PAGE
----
Out of work and forsaken in love, Mia Farrow wanders into a cinema in Woody Allen's The Purple Rose of Cairo. There her Depression-era grief melts away as she's drawn in by Ginger Rogers and Fred Astaire, dancing on the silver screen, in Top Hat.
Even, or especially, in today's recession, it's hard to resist the retro romance of Irving Berlin's tunes. The West End's new stage version of Top Hat gives you an instant lift as the orchestra launches, by way of a prelude, into "Cheek to Cheek" (arranged by Chris Walker).
Starring Summer Strallen and Strictly Come Dancing winner Tom Chambers – as the chic Dale and her go-getting pursuant, Jerry – this production is putting on the Ritz. The Art Deco hotels where he woos her are temples to luxury, all soaring white columns and gilding. The ladies swish in bias-cut satin, and the gents are, of course, dressed to the nines for "Top hat, white tie and tails".
The tap-dancing is pretty dazzling, choreographed by Bill Deamer. It's legerdepied really: from the waist up, an air of nonchalant idling, while the feet are a blur of patent leather, rapping out punctilious beats. The chorus routines sound like a crescendoing war dance with syncopated machine-guns.
But that doesn't explain why Dale doesn't run a mile from Jerry's cringeworthy chat-up lines. The screwball script often falls flat and the plot is silly. Strallen's breathy mellifluousness, between high-kicks, is more winning, and Vivien Parry is amusing as her cynical, married friend, Madge. If it's lavish you want, this adaptation has additional Berlin hits (from other films). A feelgood spectacular, although I wasn't quite in heaven.
I was more enchanted wending my way around Caledonian Park in north London where WildWorks' director Bill Mitchell (known for the Port Talbot Passion), has created Babel, a site-responsive show with actors and hoards of community performers.
Essentially, this is a rallying point for multicultural people-power. Mitchell adds a rebellious twist to the Old Testament saga wherein the folks on Earth, building a tower to reach Heaven, are punished by God, who replaces their one language with many, confusing and dividing them.
Caledonian Park's 150ft Victorian clocktower marks the spot where in 1830 a huge demonstration was staged in support of the Tolpuddle Martyrs. Babel never spells that out, but envisages emboldened commoners reclaiming the tower from a paranoid dictator. Nigel Barrett's Alpha 1 barks orders from on high, commanding security guards to uproot a settlement of bamboo huts. There's more than a nod to the Occupy movement.
A giant eye glares from the clock face as an activist scales the tower like Spider-Man. Unfortunately, the storyline is a shambles. It's the prologue that's inspiring. Touchingly greeted at the park gates by angels – who say it's time to build a new city – the audience enter the woods to find lamplit, eerie and funny domestic scenes among the trees. A woman vacuums in the bushes, students sketch in the boughs, a blind jazzman improvises on a battered piano. Before the dictatorship drama, you're free to potter around a communal fair too, with bars, a rocking band and a swaying choir. Here you can playfully contribute to model paradises: mould flora and fauna for a Plasticine landscape; knit the fringe of an all-wool London (complete with a Fairisle Big Ben). The teenage participants were jiving in wellies as I headed home.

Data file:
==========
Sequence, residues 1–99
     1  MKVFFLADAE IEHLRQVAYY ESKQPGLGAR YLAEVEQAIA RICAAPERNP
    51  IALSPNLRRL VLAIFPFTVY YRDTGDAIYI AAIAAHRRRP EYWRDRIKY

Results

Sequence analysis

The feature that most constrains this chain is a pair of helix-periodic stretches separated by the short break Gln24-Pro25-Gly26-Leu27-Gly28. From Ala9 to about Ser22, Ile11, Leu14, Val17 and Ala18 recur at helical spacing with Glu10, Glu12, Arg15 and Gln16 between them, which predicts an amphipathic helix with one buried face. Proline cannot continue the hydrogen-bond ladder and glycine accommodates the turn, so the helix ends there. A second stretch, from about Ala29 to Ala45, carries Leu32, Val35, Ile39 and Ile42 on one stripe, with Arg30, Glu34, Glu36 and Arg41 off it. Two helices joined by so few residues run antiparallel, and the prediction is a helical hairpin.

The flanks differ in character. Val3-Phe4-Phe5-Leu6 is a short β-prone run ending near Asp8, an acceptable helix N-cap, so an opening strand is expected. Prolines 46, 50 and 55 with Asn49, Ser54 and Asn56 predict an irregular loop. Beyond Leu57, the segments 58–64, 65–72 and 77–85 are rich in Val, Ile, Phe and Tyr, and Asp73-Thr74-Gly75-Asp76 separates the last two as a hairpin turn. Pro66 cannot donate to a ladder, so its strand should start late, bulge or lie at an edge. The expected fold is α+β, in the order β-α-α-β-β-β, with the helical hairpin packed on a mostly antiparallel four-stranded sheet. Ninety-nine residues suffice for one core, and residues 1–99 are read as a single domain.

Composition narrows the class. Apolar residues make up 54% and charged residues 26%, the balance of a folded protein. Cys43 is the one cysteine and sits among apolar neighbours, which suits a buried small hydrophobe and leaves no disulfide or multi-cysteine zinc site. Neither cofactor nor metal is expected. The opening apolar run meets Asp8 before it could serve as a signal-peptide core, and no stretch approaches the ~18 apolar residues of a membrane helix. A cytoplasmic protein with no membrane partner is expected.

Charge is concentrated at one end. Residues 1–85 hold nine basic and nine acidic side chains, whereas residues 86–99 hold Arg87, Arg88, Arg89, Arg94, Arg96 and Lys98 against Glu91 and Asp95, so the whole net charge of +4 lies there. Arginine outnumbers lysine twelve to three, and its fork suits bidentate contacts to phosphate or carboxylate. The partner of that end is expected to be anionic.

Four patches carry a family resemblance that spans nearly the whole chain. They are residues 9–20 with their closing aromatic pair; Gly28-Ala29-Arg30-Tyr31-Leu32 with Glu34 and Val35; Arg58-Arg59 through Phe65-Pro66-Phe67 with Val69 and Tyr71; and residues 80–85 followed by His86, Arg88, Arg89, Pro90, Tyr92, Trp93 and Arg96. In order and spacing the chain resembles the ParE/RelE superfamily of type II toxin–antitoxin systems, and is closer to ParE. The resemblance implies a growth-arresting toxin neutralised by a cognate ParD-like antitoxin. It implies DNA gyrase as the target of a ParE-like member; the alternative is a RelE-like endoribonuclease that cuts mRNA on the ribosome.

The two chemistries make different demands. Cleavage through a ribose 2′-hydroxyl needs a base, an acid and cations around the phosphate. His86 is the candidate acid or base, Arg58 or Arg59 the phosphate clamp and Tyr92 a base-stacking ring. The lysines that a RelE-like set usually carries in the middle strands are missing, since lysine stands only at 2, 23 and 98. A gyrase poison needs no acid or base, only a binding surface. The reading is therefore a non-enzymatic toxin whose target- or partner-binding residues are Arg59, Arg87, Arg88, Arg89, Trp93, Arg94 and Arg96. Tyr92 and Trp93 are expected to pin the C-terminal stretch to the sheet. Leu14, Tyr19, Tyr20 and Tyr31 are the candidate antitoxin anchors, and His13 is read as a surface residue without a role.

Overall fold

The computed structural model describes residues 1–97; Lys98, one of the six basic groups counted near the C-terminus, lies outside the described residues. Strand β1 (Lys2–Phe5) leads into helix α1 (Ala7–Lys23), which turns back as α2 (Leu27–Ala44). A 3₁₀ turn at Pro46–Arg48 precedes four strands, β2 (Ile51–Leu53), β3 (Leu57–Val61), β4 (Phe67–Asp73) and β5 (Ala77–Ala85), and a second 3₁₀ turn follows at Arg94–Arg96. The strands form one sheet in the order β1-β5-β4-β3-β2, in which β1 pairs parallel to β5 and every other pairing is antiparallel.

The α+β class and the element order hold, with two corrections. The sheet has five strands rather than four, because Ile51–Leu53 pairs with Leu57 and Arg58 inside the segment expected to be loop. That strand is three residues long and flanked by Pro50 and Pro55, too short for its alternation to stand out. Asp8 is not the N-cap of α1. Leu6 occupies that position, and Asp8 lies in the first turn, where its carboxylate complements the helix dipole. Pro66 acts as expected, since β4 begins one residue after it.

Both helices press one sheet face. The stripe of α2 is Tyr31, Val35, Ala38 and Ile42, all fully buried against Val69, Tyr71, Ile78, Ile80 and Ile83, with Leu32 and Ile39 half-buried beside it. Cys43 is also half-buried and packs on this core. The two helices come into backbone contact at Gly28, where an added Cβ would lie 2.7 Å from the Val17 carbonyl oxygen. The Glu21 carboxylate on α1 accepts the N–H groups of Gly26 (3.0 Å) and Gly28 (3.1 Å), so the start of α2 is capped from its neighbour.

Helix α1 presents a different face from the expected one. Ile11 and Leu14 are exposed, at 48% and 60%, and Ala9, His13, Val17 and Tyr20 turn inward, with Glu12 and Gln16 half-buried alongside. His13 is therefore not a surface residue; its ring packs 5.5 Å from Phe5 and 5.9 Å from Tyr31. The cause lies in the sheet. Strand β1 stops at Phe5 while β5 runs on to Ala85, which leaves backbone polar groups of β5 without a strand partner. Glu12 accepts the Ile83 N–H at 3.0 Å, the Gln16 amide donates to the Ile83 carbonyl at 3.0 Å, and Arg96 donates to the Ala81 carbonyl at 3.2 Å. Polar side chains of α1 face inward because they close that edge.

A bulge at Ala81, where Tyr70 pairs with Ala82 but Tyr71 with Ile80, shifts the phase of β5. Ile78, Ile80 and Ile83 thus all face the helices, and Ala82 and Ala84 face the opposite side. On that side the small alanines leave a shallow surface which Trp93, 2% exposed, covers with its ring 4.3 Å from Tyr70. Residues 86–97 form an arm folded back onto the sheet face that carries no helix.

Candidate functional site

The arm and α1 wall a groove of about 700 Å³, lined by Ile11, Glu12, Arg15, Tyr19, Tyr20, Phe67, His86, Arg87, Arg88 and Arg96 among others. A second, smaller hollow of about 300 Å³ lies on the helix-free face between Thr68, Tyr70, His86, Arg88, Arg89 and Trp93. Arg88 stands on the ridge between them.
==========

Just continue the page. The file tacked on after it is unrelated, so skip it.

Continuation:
This barely leaves room for The Rest is Silence, a startling, experimental take on Hamlet in which dreamthinkspeak's director Tristan Sharps pens his audience in a dark hall of mirrors. Lights snap on behind the looking-glass walls, revealing multiplying, miked chambers. This is an Elsinore where everyone's a snooper.
Edward Hogg's glowering Hamlet offers few textual insights per se, but the script is reshuffled like a Rubik's Cube, so others mull over the soliloquies Hogg has scribbled in his bedroom. The set's symmetries point up how certain characters reflect others. Luminous filmic images swim over the walls and ceiling too, like dreams. Old Hamlet's eyes blaze with vengeance then regret. Bethan Cullinane's drowning Ophelia drifts overhead like a departing angel, her last breath escaping like a slow stream of pearls.
'Top Hat' (0844 847 1712) to 26 Jan. 'Babel' (020-7223 2223) to 20 May. 'The Rest is Silence' (01273 709709) to 27 May.
Kate Bassett catches Omid Djalili in What the Butler Saw
Eugene O'Neill's darkening family drama Long Day's Journey into Night is revived superbly by Anthony Page, with David Suchet and Laurie Metcalf at the Apollo, Shaftesbury Avenue (to 18 Aug). Bristol Mayfest (Thu to 27 May) kicks off with Belarus Free Theatre's Minsk 2011 and National Theatre of Scotland's The Strange Undoing of Prudentia Hart.